Cosi Fan Tutte (The School for Lovers)

  • Opera
  • Composer: Wolfgang Amadeus Mozart
  • Librettist Lorenzo Da Ponte
  • Director: Atom Egoyan
  • The Canadian Opera Company with Sir Thomas Allen, Paul Appleby, Layla Claire, Tracy Dahl, Wallis Giunta and Robert Gleadow
  • The Four Seasons Centre for the Performing Arts, Toronto        
  • Until 21 February 2014
  • Review by Aparna Halpé
  • 29 January 2014
Cosi Fan Tutte (The School for Lovers)
4.0Reviewer's Rating

There is a reason why Così Fan Tutte is an opera lover’s orphan child. Its plot has repelled and fascinated audiences for over two hundred years, and yet it has survived our changeling humours precisely because it offers a kind of Gordian knot that we seek to cut, over and over again. The COC’s new production, directed by Atom Egoyan, dives fearlessly into the opera’s problematically misogynystic exploration of female desire. Aided by exquisite sets created by Debra Hanson, and an outstanding young cast that sounds every bit as delectable as they look, Egoyan gives us a Così that delights even as it relentlessly dismantles the patriarchal polemics at the heart of this fascinating and disturbing story.

Così Fan Tutte is a story about swinging, circa 1790. Two sisters, Fiordiligi and Dorabella, affianced to two handsome soldiers, find their fidelity tested when their lovers are seemingly whisked away to war. The absence is a ruse  masterminded by the aging mentor to the young men, the cynical Don Alfonso, masterfully sung tonight by the inimitable Sir Thomas Allen. The soldiers return, disguised as moustachioed Albanians who woo the constant young ladies, steadily breaking down their somewhat pathetic resistances. What makes Così disturbing is the underlying narrative of violation, and the fact that this somewhat hideous experiment in manipulating the variables of female desire is really just an enlightened game to be played by a scientific, objective male ego. Composed at a time when Mozart suspected his wife Constanza of unfaithfulness, with a libretto by Lorenzo da Ponte who was friend to the infamous Marquis de Sade, Così remains problematic in its assertion that women are made beautiful and intrinsically unfaithful.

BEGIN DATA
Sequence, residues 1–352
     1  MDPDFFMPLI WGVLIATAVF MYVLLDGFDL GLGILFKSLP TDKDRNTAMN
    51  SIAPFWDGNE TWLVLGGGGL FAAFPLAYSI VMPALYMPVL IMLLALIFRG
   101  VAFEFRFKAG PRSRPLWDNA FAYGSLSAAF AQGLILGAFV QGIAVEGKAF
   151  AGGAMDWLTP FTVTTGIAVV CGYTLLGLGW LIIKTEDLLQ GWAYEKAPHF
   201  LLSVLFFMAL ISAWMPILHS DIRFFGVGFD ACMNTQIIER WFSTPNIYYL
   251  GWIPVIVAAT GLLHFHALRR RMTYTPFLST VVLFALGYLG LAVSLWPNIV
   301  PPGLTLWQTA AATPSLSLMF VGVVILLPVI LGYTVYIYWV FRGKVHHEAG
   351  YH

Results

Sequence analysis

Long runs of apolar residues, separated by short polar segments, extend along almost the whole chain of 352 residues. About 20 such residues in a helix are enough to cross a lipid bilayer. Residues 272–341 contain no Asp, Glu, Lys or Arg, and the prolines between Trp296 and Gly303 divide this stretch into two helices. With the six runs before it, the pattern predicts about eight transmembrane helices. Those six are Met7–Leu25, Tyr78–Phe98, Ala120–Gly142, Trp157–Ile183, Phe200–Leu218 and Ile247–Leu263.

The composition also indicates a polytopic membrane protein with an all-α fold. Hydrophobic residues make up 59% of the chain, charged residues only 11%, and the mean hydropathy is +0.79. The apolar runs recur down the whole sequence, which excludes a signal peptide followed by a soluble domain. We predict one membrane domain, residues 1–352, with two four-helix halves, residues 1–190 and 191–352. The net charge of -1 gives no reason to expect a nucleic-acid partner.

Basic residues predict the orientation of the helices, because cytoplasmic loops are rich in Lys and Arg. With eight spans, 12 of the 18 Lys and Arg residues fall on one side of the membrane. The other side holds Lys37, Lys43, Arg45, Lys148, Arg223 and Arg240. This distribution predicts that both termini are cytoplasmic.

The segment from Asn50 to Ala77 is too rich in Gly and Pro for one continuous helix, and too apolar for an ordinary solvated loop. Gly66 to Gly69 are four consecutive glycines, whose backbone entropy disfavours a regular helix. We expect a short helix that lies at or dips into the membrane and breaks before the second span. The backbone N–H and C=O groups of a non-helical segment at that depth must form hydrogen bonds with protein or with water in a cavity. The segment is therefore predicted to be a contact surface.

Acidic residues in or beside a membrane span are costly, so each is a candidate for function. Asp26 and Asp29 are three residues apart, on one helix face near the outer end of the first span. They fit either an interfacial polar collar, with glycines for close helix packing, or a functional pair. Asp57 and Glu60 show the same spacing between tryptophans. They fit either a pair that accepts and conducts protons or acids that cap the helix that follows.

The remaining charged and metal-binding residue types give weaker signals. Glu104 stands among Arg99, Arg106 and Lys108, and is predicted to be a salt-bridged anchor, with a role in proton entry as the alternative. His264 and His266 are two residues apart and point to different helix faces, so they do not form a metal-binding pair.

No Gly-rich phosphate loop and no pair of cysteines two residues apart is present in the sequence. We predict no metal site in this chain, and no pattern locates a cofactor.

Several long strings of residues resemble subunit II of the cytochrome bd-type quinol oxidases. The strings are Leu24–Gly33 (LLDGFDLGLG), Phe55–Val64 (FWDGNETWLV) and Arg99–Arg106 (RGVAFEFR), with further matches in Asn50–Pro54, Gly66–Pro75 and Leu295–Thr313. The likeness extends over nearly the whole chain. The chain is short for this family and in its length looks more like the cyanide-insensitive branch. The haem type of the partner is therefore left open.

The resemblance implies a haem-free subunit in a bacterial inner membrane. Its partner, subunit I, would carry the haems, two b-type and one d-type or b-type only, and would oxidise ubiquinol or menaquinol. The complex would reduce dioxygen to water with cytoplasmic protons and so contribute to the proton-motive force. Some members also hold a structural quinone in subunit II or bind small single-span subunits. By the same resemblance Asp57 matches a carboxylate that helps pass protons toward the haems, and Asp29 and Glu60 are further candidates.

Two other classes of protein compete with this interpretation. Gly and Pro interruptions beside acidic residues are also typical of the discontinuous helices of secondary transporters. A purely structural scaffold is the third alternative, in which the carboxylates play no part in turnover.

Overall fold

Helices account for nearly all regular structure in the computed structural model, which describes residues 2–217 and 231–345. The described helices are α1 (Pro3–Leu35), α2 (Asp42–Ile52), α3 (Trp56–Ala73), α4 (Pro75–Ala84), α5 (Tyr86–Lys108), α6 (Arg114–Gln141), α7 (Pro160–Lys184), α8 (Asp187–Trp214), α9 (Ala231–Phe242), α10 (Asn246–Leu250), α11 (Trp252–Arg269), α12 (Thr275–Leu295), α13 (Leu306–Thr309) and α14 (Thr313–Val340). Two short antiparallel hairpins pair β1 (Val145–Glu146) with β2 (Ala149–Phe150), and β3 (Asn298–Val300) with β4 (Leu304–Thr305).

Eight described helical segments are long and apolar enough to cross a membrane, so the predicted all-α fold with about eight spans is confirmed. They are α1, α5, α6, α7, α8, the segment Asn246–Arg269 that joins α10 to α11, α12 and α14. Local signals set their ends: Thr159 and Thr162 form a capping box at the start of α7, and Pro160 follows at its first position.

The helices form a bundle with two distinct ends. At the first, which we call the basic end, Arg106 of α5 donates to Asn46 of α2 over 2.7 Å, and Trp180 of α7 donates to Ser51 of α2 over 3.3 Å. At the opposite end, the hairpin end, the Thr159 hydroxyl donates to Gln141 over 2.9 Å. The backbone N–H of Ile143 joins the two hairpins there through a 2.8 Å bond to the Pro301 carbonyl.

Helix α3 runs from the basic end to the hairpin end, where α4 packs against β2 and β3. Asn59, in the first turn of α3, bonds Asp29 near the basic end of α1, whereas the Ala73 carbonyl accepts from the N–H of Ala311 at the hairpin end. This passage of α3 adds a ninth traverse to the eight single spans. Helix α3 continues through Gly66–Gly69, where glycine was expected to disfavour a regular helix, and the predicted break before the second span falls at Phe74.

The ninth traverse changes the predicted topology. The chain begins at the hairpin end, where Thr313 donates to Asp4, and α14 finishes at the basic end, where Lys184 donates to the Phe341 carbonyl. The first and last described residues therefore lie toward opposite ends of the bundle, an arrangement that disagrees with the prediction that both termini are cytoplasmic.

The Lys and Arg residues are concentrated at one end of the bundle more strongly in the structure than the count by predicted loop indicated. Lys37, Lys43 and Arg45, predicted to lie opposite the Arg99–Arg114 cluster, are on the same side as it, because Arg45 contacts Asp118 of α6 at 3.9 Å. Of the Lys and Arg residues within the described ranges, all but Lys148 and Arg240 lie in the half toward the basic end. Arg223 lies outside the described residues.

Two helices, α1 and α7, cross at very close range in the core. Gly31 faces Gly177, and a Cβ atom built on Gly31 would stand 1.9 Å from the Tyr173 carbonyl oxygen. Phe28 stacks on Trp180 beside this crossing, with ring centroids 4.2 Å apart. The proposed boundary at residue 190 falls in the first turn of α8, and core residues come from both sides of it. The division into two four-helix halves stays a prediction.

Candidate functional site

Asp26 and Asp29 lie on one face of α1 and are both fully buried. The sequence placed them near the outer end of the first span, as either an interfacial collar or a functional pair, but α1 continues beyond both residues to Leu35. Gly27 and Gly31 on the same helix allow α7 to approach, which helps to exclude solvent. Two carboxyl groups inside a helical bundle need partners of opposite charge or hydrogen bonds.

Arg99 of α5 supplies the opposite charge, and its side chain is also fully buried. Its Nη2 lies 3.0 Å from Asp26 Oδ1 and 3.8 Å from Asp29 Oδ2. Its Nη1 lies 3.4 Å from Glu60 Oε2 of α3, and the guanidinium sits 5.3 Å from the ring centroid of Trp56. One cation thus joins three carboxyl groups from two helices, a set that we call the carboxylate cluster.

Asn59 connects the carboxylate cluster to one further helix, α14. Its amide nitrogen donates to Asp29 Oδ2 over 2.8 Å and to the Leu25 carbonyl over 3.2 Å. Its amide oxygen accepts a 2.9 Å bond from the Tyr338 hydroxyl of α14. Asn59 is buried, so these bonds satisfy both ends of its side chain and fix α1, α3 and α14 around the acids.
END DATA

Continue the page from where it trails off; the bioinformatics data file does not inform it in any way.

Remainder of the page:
Egoyan is no stranger to exploring these issues on the operatic stage; his productions of Salome, Die Walküre and Feng Yi Ting have all attacked the issue of male gaze and significantly revised the female subject’s agency and voice in no uncertain terms. Tonight’s production is no exception. The visually exquisite stage is covered in panels of lepidoptera, and if we were in any referential doubt, Don Alfonso struts around the stage with life-sized pins poised to impale the squirming, beautiful Dorabella and Fiordiligi as they are “caught” in the act. The premis is simple enough – we are here simply to observe woman in her natural state, in all her seductive beauty and her natural promiscuity. And yet Egoyan reminds us that this experiment is the construction of a master illusionist. In the sublime “Soave sia il vento,” Don Alfonso conjures a school of ships (masterfully created as Louis XIV Fontanges, with Galleons set atop wigs of billowing blue curls) that pass by Dorabella and Fiordiligi, only to be caught and reflected in funny mirrors that create monstrous illusions of the scene. The entire opera is rife with moments such as this where the image on stage deconstructs the cycnicism of the plot.

But tonight’s performance is not just about astute directing and incredible stagecraft. This show truly belongs to the young talent on stage. Canadian Soprano Layla Claire, makes her COC debut as Fiordiligi, and her astounding range and virtuosity absolutely claim this incredibly challenging role. This is a major talent, watch for her at the Glyndebourne and Tanglewood festivals this year. Wallis Giunta’s Dorabella was just as delightful. Ms Giunta demonstrated a dramatic range that delivered the passionate wilfullness that her role demands. Second to none was Despina, the two sisters’ meddling maid, played with a rare command of bodily humour and vocal subtlety by Tracy Dahl.

While this production of Così delivers everything that an opera lover could possibly want, this evening’s performance was somewhat marred by uncharacteristically sloppy ensemble work from the COC orchestra. The overture sounded as if the wind section had only just made it off the bus – rushed, jerky, not entirely in tune, and not quite in sync. Other strange stylistic choices occasionally flummoxed the listener. Johannes Debus conducted and provided continuo on a piano, which gave one the unfortunate effect of sitting through a rehearsal rather than a performance. Equally distracting were his occasional lapses into musical allusions during the recitatives – most notably from Bach’s Goldberg Variations, and the Well Tempered Klavier. Perhaps Mr. Debus intended some abstruse reference to Bach “schooling” his beloved Anna Magdalena in the terms of music and love. But the effect was altogether confusing and caused a distraction from the events on stage.

But these reservations are minor in the face of a rare and entirely delightful production. The COC’s new Così Fan Tutte proves without doubt that Toronto does opera, and then some!

Sung in Italian with English surtitles

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